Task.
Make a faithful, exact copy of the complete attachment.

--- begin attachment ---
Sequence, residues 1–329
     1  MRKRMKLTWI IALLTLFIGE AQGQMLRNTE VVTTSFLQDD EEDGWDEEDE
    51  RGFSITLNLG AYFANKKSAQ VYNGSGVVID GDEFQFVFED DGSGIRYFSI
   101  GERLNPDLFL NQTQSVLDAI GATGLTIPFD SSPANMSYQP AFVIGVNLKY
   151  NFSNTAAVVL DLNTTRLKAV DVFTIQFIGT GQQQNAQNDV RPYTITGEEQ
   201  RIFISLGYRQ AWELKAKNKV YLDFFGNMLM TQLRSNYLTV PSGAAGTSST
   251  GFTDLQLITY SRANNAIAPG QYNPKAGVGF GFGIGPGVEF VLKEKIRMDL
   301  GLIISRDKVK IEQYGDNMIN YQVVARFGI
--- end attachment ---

Sequence, residues 1–329
     1  MRKRMKLTWI IALLTLFIGE AQGQMLRNTE VVTTSFLQDD EEDGWDEEDE
    51  RGFSITLNLG AYFANKKSAQ VYNGSGVVID GDEFQFVFED DGSGIRYFSI
   101  GERLNPDLFL NQTQSVLDAI GATGLTIPFD SSPANMSYQP AFVIGVNLKY
   151  NFSNTAAVVL DLNTTRLKAV DVFTIQFIGT GQQQNAQNDV RPYTITGEEQ
   201  RIFISLGYRQ AWELKAKNKV YLDFFGNMLM TQLRSNYLTV PSGAAGTSST
   251  GFTDLQLITY SRANNAIAPG QYNPKAGVGF GFGIGPGVEF VLKEKIRMDL
   301  GLIISRDKVK IEQYGDNMIN YQVVARFGI